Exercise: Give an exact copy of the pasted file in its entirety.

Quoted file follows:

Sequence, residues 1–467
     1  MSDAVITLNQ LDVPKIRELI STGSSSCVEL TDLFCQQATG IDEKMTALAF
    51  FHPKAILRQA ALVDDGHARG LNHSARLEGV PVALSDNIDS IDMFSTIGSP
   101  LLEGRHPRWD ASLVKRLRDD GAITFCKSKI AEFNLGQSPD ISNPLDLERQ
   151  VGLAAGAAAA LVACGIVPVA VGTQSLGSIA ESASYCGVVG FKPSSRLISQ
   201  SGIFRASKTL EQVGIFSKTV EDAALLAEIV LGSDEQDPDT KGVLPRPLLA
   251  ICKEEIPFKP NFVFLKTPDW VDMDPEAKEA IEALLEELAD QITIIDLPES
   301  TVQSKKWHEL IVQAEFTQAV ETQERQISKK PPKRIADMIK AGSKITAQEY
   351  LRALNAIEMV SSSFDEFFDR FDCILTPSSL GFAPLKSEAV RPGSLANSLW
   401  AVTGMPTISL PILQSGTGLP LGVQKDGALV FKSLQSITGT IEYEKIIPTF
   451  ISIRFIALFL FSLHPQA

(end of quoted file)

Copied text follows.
Sequence, residues 1–467
     1  MSDAVITLNQ LDVPKIRELI STGSSSCVEL TDLFCQQATG IDEKMTALAF
    51  FHPKAILRQA ALVDDGHARG LNHSARLEGV PVALSDNIDS IDMFSTIGSP
   101  LLEGRHPRWD ASLVKRLRDD GAITFCKSKI AEFNLGQSPD ISNPLDLERQ
   151  VGLAAGAAAA LVACGIVPVA VGTQSLGSIA ESASYCGVVG FKPSSRLISQ
   201  SGIFRASKTL EQVGIFSKTV EDAALLAEIV LGSDEQDPDT KGVLPRPLLA
   251  ICKEEIPFKP NFVFLKTPDW VDMDPEAKEA IEALLEELAD QITIIDLPES
   301  TVQSKKWHEL IVQAEFTQAV ETQERQISKK PPKRIADMIK AGSKITAQEY
   351  LRALNAIEMV SSSFDEFFDR FDCILTPSSL GFAPLKSEAV RPGSLANSLW
   401  AVTGMPTISL PILQSGTGLP LGVQKDGALV FKSLQSITGT IEYEKIIPTF
   451  ISIRFIALFL FSLHPQA